J.L. Freed has a long and distinguished history in Lansdale and has, from the beginning, remained a family-owned business. In 1883, George Gerhart and Joseph Oberholtzer formed a partnership that specialized in the trading of agricultural implements. Four years later, at the age of 28, Jacob L. Freed purchased the Gerhart interest in the business. The company, which was located on Susquehanna Avenue in Lansdale, operated as Oberholtzer & Freed until 1902, when Jacob Freed bought the Oberholtzer interest.
In 1918, Lester Freed and Warren Freed entered the business as partners with their father, Jacob. At this time the firm became known as J.L. Freed & Sons. That same year, the company embarked on a new direction, when they decided to diversify by adding Case automobiles to their existing line of agricultural machinery, and the future course of the company was forever changed. The Hudson and Essex car lines were added in 1921.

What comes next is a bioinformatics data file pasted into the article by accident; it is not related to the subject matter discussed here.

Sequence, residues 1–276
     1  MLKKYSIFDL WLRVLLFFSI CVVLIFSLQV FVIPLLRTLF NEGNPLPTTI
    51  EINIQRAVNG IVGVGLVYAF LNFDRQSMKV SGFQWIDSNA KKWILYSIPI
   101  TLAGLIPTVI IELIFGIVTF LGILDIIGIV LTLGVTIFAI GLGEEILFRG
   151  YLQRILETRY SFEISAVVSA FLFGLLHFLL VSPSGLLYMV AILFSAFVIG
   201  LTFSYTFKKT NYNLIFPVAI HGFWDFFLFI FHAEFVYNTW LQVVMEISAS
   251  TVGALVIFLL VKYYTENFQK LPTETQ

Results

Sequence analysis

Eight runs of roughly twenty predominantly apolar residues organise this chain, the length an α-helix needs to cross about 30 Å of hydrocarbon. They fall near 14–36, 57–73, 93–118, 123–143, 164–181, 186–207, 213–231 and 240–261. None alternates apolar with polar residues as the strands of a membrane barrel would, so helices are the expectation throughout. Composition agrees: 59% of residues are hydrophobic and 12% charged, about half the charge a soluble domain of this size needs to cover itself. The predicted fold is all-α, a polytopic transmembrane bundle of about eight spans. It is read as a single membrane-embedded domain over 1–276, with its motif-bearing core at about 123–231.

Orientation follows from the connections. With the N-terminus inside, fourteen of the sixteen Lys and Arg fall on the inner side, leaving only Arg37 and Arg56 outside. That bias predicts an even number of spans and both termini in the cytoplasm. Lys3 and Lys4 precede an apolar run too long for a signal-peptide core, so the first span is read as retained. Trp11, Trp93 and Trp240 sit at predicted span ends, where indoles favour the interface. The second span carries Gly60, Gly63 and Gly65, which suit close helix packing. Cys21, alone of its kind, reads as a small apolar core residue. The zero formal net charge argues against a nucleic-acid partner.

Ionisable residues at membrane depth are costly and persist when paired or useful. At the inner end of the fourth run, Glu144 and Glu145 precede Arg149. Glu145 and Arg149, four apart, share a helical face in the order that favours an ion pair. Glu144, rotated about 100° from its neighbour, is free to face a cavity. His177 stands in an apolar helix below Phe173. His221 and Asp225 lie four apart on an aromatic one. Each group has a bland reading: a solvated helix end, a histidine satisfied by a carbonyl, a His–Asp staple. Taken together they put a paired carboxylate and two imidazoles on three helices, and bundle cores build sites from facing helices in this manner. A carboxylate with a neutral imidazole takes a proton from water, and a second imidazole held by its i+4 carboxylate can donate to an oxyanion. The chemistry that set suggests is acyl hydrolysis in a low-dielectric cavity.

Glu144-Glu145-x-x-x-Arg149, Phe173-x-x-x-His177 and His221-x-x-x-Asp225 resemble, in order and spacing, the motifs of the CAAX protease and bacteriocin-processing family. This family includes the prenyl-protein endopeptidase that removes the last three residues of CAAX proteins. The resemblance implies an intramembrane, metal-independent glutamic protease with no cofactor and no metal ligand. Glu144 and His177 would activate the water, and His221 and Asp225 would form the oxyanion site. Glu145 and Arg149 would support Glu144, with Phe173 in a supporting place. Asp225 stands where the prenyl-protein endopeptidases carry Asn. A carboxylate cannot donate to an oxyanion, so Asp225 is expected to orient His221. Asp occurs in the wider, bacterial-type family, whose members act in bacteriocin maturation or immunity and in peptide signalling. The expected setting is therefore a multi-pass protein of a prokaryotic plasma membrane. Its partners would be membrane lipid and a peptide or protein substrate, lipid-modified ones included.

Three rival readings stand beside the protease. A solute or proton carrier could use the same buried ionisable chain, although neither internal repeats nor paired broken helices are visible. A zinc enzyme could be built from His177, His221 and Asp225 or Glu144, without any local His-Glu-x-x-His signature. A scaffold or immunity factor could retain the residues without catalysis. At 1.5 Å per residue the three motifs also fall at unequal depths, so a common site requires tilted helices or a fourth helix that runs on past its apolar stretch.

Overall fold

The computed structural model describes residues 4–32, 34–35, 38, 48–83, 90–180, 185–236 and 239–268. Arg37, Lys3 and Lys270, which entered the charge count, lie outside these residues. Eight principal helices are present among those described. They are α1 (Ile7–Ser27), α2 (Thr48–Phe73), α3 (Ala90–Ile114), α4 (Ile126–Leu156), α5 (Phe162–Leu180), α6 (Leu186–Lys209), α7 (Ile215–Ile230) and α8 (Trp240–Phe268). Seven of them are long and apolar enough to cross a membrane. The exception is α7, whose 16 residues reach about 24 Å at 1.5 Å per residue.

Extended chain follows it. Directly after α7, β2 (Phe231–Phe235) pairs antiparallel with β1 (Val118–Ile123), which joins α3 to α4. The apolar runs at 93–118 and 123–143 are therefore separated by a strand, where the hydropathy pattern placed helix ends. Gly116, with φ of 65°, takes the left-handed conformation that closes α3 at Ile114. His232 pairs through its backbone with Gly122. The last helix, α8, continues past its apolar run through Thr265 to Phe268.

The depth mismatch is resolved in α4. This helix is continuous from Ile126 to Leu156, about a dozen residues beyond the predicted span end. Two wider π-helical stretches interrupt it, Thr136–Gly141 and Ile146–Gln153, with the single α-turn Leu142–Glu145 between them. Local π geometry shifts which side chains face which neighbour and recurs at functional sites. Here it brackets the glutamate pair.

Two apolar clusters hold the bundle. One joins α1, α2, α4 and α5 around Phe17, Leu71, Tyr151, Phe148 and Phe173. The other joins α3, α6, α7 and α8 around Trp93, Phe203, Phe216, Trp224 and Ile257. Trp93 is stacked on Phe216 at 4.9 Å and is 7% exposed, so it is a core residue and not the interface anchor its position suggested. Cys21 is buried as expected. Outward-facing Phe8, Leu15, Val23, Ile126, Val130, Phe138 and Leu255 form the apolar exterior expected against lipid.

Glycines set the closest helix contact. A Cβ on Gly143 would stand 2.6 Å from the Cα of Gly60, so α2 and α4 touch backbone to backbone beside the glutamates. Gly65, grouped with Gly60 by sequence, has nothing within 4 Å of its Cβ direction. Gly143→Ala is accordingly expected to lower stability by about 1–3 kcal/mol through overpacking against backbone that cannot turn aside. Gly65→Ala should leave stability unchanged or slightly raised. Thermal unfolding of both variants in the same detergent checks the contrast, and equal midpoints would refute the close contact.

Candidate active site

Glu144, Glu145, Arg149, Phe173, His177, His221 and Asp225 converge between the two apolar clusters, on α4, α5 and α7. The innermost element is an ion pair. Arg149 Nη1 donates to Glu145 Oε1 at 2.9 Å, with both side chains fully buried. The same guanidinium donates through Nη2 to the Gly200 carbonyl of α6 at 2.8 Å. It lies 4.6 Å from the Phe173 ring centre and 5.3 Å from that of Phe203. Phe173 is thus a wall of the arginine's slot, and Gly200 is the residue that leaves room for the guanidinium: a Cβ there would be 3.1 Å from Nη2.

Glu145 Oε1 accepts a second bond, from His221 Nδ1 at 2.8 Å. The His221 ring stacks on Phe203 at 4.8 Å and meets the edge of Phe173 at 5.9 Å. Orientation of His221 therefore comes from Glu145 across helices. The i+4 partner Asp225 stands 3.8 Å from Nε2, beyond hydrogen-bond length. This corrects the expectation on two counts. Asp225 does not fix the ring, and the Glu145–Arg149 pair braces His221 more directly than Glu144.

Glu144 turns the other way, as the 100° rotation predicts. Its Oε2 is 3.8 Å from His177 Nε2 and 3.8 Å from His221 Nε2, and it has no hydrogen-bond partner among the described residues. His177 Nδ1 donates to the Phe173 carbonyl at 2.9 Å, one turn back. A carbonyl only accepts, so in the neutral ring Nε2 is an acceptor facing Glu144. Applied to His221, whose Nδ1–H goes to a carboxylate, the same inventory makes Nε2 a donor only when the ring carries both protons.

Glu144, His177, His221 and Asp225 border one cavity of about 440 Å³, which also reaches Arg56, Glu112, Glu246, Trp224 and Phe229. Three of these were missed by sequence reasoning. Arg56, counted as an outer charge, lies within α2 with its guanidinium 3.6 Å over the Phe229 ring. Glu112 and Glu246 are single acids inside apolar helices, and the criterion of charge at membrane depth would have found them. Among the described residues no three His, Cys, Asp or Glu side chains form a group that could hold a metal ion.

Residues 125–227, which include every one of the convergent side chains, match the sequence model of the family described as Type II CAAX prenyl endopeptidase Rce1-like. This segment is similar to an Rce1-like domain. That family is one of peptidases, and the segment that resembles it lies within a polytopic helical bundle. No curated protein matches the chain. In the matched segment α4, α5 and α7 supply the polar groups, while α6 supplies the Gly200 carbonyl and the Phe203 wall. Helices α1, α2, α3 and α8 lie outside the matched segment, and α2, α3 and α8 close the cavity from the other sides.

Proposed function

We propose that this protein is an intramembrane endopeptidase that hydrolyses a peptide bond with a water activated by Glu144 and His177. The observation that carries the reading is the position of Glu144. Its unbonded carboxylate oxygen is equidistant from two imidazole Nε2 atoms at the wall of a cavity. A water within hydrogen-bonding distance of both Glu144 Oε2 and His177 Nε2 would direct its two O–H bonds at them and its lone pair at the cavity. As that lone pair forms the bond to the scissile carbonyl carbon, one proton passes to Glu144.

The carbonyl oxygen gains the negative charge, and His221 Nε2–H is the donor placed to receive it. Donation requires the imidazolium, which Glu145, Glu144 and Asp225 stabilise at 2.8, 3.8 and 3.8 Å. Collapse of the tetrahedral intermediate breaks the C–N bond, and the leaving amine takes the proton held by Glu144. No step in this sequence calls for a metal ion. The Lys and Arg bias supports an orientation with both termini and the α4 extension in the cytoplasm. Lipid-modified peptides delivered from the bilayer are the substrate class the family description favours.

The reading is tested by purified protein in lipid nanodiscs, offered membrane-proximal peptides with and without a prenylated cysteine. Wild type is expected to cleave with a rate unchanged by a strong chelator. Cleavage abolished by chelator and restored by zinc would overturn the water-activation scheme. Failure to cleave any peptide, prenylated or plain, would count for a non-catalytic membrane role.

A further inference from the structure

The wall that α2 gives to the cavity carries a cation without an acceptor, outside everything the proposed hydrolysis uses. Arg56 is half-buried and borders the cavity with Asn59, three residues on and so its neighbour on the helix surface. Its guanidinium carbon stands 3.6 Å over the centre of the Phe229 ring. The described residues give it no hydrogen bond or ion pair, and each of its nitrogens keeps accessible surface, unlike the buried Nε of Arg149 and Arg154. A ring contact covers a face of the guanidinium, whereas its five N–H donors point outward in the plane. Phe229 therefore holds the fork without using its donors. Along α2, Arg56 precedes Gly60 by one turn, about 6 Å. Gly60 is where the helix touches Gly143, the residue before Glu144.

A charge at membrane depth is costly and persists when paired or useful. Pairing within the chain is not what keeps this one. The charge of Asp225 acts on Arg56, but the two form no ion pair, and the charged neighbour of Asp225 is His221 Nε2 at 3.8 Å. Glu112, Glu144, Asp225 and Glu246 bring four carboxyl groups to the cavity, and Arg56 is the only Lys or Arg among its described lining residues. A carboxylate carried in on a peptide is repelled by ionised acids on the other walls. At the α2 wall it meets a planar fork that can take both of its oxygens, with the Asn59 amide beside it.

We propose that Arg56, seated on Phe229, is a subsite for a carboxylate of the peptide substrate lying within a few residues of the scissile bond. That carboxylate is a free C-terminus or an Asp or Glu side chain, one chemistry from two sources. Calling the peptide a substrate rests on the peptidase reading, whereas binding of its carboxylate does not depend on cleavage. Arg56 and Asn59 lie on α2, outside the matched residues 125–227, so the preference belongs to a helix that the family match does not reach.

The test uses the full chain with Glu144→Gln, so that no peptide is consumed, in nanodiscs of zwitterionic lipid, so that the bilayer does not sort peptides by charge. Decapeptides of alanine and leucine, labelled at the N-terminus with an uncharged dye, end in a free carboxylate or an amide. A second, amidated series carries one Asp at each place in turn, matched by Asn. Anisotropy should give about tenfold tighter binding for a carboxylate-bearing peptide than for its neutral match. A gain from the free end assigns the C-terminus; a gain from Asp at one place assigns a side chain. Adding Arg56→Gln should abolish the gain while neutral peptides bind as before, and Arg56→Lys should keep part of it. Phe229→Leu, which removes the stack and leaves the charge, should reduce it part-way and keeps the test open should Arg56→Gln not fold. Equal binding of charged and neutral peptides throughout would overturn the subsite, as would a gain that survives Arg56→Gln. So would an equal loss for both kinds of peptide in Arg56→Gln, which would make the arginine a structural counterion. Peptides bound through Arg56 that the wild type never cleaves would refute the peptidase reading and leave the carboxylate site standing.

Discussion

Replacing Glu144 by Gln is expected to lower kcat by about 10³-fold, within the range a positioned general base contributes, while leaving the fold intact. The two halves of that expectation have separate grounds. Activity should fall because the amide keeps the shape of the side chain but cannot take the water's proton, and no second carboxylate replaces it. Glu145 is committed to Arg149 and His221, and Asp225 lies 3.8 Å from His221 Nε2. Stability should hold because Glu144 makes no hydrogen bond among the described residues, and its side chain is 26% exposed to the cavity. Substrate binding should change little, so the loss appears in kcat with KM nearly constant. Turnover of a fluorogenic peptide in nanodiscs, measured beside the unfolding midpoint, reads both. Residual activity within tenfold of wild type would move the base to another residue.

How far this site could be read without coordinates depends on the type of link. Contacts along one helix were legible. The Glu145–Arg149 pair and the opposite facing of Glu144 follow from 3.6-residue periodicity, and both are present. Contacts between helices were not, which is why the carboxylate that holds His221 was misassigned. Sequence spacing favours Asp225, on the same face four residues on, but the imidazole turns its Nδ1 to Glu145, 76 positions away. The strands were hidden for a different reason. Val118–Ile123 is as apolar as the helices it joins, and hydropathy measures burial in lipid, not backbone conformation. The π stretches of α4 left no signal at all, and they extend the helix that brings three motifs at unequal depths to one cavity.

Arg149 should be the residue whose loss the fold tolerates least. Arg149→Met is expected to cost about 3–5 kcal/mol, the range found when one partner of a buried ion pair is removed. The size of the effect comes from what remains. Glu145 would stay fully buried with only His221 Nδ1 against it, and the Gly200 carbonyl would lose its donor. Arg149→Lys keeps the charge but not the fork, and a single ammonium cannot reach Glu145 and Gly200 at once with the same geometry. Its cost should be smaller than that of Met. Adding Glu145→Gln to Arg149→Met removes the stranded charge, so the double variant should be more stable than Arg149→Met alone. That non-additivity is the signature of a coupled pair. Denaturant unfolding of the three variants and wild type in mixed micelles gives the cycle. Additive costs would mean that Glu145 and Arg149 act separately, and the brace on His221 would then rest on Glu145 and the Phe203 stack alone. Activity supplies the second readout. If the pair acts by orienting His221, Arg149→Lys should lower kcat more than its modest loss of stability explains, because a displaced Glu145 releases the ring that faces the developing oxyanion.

Cadillac automobiles, which began operation in 1902, joined J.L. Freed in 1926. The newly formed Pontiac division, which had been known as Oakland, was added in 1931 and replaced the Hudson and Essex brands. J.L. Freed now had a product line that would remain unchanged for decades. The J.L. Freed building remained at Susquehanna Avenue, but underwent several renovations.
The two Freed brothers remained partners until July 1st, 1941 when Lester purchased the interest of Warren. The company was incorporated with Lester as president. Warren remained an active officer in the company until his death in 1968. Lester’s son-in-laws, Raymond Godshall and Wellington Nyce joined J.L. Freed in 1948 and 1951, respectively.